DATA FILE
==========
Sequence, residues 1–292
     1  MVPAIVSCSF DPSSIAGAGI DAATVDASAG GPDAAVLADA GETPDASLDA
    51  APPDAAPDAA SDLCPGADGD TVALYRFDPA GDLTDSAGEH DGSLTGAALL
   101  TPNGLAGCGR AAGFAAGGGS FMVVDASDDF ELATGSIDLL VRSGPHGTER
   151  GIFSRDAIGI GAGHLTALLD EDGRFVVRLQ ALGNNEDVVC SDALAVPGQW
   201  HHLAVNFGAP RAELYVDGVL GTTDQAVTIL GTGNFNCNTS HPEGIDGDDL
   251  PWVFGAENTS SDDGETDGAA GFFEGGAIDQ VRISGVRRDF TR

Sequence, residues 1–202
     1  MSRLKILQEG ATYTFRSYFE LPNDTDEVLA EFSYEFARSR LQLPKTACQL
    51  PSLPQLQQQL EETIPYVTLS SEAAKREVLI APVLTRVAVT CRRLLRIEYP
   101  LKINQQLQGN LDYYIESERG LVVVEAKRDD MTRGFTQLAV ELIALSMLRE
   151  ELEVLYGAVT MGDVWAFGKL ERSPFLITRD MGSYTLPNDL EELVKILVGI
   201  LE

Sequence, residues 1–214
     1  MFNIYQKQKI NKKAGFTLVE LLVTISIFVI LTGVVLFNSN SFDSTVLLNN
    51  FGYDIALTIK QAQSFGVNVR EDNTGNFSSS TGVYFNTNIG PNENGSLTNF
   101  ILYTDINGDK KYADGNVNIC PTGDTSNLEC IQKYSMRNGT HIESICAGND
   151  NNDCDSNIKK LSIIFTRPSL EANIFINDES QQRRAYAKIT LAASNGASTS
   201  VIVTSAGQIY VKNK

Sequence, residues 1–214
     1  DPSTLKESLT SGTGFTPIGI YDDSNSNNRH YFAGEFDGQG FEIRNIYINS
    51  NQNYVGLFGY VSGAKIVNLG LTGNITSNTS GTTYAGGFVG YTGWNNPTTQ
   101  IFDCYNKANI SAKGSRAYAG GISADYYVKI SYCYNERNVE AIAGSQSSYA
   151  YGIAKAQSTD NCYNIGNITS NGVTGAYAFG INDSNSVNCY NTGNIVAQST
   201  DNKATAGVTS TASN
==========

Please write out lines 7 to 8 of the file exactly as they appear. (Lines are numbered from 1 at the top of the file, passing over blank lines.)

   251  PWVFGAENTS SDDGETDGAA GFFEGGAIDQ VRISGVRRDF TR

Sequence, residues 1–202